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  • Writer's pictureChelsea Wilkinson

Strategy first; data second

At DataDiligence we have a mantra:

Start with the business problem, not the data.

Sounds obvious, right?

But, if there’s one thing that I’ve learnt in the last year running a data science consultancy, it’s that people nearly always try to jump to the end! They start conversations with: we have this data, what can we do with it? Or: what are the best use cases for my sector?

And while these are interesting musings, they shouldn’t be the opening question.

Rather, we start all our client engagements with a session about the business strategy – examining the successes, challenges, and risks to the business. We actively steer clear of talking about data. Instead, we talk KPIs, 5-year business plans, etc.

As data science experts, it is then our job to translate the overarching business issue(s) – say, the need to increase annual recurring revenue in a SaaS business – into an analytical problem. And only once we have the analytical problem defined do we ask: what data is needed to solve that?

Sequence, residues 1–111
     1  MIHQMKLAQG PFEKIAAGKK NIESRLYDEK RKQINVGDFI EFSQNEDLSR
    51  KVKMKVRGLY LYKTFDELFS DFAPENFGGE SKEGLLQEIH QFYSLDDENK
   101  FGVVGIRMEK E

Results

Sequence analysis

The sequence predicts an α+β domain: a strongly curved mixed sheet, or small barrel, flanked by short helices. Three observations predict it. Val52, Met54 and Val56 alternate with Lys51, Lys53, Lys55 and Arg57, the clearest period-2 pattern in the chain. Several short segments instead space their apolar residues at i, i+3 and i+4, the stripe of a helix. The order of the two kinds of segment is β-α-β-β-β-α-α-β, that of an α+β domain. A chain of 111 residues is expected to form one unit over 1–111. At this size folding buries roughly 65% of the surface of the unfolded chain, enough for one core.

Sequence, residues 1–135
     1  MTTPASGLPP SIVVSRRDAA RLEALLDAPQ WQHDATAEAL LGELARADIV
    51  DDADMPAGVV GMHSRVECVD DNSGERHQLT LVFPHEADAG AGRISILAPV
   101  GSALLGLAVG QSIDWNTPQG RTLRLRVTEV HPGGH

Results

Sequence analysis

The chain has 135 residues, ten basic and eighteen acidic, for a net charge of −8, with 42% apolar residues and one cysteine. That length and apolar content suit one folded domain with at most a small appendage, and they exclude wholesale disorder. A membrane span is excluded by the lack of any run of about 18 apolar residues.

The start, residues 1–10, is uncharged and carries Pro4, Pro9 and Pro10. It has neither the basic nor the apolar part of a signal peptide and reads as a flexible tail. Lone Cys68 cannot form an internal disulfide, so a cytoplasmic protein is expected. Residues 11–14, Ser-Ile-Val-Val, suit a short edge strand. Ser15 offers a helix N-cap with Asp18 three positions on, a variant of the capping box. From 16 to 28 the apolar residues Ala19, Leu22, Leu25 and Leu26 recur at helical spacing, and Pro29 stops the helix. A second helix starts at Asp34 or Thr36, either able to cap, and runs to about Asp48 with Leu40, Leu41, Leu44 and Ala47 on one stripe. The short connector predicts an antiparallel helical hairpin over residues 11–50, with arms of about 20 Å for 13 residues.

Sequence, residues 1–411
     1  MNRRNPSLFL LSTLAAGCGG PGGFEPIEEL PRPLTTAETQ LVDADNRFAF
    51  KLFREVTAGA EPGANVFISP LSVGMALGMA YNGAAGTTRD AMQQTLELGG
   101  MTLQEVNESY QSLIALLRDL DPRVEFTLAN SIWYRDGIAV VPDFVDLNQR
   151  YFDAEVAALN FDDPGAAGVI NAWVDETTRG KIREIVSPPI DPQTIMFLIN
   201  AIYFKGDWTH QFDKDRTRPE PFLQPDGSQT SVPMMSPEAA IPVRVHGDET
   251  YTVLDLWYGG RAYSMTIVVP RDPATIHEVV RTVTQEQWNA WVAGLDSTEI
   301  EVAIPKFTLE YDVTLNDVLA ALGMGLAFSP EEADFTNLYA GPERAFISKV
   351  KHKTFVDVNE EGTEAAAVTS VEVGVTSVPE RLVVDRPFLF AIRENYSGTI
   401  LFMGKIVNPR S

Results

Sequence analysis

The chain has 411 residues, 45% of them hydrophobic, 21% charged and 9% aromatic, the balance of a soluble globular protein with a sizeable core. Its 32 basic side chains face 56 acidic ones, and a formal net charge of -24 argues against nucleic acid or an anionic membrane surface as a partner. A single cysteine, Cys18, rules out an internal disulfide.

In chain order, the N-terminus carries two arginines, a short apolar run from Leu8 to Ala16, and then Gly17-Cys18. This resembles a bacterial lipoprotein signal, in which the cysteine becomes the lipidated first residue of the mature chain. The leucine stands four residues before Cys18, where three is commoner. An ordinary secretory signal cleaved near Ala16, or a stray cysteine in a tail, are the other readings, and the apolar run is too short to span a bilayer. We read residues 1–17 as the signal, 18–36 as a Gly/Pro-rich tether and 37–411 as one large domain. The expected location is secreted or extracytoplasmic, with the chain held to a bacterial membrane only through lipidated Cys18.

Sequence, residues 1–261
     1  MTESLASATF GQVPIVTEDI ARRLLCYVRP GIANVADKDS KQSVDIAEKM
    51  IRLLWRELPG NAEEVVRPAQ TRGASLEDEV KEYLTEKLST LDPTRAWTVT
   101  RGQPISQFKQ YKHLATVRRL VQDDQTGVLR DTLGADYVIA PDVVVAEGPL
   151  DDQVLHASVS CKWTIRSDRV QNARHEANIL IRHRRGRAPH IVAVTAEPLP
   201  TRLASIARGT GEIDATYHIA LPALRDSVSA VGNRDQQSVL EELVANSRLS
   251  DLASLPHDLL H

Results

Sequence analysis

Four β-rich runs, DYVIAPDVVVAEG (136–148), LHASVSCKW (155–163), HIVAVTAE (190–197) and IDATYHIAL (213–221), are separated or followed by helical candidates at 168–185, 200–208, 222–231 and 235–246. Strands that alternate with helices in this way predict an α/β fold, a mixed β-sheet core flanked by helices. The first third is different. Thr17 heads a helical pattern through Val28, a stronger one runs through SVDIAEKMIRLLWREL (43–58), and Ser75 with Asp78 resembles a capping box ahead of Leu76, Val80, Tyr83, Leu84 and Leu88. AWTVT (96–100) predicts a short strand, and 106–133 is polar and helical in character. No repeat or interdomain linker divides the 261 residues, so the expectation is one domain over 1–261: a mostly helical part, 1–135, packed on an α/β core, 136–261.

By starting with the business problem, you avoid four common pitfalls (and yes, there are more!), to set your data project up for success by:

  1. MAKING IT RELEVANT – if you are working towards solving one of the top KPIs, your project matters to the business. And, crucially, is aligned with the business strategy.

  2. GARNERING SENIOR CHAMPIONS – to the first point, if you are solving a business-critical KPI, it can be assured that your project is on a C-suite executives’ agenda. And you need this support to drive budget and resource allocations, corporate ‘airtime’, momentum, adoption, ...

  3. MEASURING THE OUTCOMES (NOT OUTPUTS) – it’s easy to be distracted by the lists of exciting (though often short-term) outputs that data projects produce, like a great POC or line of code. But what you really need to be measuring is the direct impact your activities have had on achieving of the KPI - like how much did ARR increase due to your cross-sell, upsell and churn models?

  4. AVOIDING ORPHANED ANALYTICS – many data projects start life as pet hobbies. While this is fun, it doesn’t shift the corporate needle. Projects aligned with the business strategy have longevity, replicability, and relevance.



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